You may have heard of the Sasquatch. They’re famous for being hard to get close to, and with good reason - they freakin’ stink. Really. We should know, we’ve got one working for us.
Max (’natch) is an 8-foot-tall goofball who helps us around the office and kinda represents what PowerMax is all about… being different. He seems to love the whole mascot thing, although he can get mighty sensitive if he hears anyone call him an ape… and don’t even think about mentioning Gigantopithecus in his presence.
He’s best described as “a large, hairy, bipedal humanoid with a slightly pronounced brow ridge.” Yeah, he wrote that (okay, we’re lying, he actually wanted us to write “Tall, furry and handsome stud muffin. ” It’s very hard to find eligible female Sasquatches around town… even in Oregon).
So, just what are we doing with this 500 pound lump of fun? We’re letting the world know that there is more to Sasquatch than the lumbering oaf everyone recognizes from the Patterson-Gimlin film. These guys have feelings. They care, give a back massage you have to feel to believe, and love peanut butter and Twinkie sandwiches. Don’t even ask how we found that out.
So here’s the story as to how Max came to be at PowerMax, and what life is like with a big hairy, um, stud muffin, who smells like an old shoe stuffed with cheese that’s been sitting out in the sun for way too long, only offset by the slight whiff of peanut butter and whatever you call that creamy stuff inside of Twinkies.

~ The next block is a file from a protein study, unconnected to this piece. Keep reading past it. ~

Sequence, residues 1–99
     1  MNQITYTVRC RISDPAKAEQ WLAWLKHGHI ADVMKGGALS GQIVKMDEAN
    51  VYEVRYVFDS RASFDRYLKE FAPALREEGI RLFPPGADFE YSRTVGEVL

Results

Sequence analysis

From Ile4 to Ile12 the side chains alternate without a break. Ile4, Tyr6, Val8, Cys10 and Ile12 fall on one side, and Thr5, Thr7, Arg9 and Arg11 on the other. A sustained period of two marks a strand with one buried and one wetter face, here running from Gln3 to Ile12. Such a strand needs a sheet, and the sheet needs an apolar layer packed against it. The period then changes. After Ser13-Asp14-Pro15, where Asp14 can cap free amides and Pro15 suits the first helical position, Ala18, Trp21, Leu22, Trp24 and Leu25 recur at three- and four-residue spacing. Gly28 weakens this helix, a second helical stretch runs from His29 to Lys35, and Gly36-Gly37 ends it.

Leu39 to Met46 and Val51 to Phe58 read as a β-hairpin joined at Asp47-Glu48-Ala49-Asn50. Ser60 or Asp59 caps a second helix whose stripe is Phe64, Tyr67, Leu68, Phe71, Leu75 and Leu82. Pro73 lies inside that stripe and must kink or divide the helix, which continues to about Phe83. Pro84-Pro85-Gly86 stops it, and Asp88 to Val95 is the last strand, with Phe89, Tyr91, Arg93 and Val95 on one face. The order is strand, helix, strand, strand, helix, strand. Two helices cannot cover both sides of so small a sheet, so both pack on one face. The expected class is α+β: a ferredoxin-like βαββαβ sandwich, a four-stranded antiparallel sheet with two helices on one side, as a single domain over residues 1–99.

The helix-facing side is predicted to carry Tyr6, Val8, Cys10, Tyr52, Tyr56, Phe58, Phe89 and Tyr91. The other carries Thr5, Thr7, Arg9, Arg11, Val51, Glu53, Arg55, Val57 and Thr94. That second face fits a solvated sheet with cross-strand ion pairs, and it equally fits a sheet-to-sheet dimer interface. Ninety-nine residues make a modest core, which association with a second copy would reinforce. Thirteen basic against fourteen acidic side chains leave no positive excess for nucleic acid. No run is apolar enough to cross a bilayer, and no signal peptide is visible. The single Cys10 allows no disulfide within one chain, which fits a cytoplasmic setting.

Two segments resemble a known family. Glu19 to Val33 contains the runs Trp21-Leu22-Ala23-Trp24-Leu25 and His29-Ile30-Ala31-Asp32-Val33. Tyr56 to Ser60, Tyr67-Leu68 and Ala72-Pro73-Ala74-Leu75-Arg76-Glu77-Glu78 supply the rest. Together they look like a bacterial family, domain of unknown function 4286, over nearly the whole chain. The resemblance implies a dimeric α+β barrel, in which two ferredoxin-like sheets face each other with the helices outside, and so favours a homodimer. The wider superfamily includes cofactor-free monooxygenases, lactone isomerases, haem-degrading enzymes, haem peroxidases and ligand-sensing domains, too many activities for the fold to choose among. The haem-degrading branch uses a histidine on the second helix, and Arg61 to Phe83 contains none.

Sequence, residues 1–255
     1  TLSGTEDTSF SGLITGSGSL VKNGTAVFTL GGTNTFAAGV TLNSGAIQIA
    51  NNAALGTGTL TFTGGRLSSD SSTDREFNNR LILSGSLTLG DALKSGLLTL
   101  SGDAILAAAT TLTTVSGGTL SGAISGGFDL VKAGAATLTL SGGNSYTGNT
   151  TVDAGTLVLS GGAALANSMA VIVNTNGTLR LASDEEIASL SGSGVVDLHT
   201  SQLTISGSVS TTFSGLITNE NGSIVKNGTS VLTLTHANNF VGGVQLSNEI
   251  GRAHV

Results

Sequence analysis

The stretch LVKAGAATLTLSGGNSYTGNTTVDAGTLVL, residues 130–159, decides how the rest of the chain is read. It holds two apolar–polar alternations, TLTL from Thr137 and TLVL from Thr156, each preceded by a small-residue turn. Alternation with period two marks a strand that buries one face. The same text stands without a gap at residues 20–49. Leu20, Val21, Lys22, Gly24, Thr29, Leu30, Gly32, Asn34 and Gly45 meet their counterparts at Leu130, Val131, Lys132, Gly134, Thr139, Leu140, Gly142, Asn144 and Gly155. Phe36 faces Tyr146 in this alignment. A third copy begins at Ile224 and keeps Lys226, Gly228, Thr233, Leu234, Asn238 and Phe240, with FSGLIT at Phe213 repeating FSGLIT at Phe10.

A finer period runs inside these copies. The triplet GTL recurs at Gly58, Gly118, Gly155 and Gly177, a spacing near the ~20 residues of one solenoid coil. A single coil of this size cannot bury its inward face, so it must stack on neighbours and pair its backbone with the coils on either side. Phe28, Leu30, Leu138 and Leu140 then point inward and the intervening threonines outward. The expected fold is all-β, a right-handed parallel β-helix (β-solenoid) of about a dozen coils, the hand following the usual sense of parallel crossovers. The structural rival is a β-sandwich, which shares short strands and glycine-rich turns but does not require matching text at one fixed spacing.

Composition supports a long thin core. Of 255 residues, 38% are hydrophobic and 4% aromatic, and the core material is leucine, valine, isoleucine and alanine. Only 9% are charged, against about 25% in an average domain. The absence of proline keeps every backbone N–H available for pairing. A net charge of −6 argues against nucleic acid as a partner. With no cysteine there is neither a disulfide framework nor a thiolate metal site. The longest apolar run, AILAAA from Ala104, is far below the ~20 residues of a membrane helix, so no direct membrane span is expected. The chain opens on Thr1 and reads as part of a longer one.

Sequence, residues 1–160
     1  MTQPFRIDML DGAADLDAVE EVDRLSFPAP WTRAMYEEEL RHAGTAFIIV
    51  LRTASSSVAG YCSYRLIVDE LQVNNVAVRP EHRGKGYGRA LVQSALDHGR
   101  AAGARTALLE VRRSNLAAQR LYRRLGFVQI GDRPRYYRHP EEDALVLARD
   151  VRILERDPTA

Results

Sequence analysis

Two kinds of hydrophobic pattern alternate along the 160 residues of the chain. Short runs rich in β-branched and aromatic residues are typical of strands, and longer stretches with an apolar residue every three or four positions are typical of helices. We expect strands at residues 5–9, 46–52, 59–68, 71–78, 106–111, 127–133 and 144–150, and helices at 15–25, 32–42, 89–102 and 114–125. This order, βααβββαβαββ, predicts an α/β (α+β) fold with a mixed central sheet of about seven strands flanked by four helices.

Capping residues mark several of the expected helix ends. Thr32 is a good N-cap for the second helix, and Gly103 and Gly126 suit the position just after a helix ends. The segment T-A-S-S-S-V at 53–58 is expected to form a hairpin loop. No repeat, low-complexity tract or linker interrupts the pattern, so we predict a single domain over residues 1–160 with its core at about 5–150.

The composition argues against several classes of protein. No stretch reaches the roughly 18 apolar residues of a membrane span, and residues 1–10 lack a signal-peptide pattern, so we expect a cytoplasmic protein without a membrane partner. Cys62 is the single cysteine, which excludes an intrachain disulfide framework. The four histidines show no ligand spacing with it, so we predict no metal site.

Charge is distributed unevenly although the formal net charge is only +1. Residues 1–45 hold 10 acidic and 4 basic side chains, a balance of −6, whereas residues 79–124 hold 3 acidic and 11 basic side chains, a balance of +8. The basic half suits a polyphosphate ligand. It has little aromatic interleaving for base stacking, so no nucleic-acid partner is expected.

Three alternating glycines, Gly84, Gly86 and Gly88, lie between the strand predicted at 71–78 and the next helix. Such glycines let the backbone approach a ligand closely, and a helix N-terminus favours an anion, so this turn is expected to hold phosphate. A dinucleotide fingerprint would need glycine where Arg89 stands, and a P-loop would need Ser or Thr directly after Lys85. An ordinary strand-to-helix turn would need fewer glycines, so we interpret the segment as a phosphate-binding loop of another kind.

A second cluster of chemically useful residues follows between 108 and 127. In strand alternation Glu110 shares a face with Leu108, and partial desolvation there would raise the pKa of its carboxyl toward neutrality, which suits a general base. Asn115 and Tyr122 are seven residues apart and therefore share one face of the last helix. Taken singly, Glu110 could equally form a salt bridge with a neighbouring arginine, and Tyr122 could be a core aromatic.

- Your friends at PowerMax (Oh, by the way, Max is on Facebook. Friend the big lug, would ya?)
We plan on providing more videos of Max's hijinks (aka Maxjinks), especially since the big galoot can't walk through a room without knocking something over (although he's no longer choking copiers to death with butt hair, and we haven't had to clean blood off the ceiling for quite some time).
We've even put him on the phone from time to time, mostly to growl at cold-call telemarketers and people trying to get a refund for a price drop on a product they bought a year and a half ago. But, alas, we're at a bit of a loss as to how to keep him busy all day without his accidentally destroying something. So we ask you - if you had a Sasquatch, what would you do with him? Submit your idea here and maybe - just maybe - with enough peanut butter and Twinkie sandwiches we can get him to act out some of your crazy ideas.
While many indigenous names predate “Sasquatch,” J. W. Burns ran a series of Canadian newspaper articles in the 1920’s using “Sasquatch” to describe the creature which had existed previously only in local legend. These articles helped popularize both the legend and its new name, making it well known in western Canada before it gained popularity in the United States.
While Sasquatch legends had been around for decades, if not centuries, and had been unified by Burns, it was not until the 1950s that Sasquatch truly received international fame. In 1951, Eric Shipton photographed what he described as a Yeti footprint. which was published shortly thereafter and gained wide attention.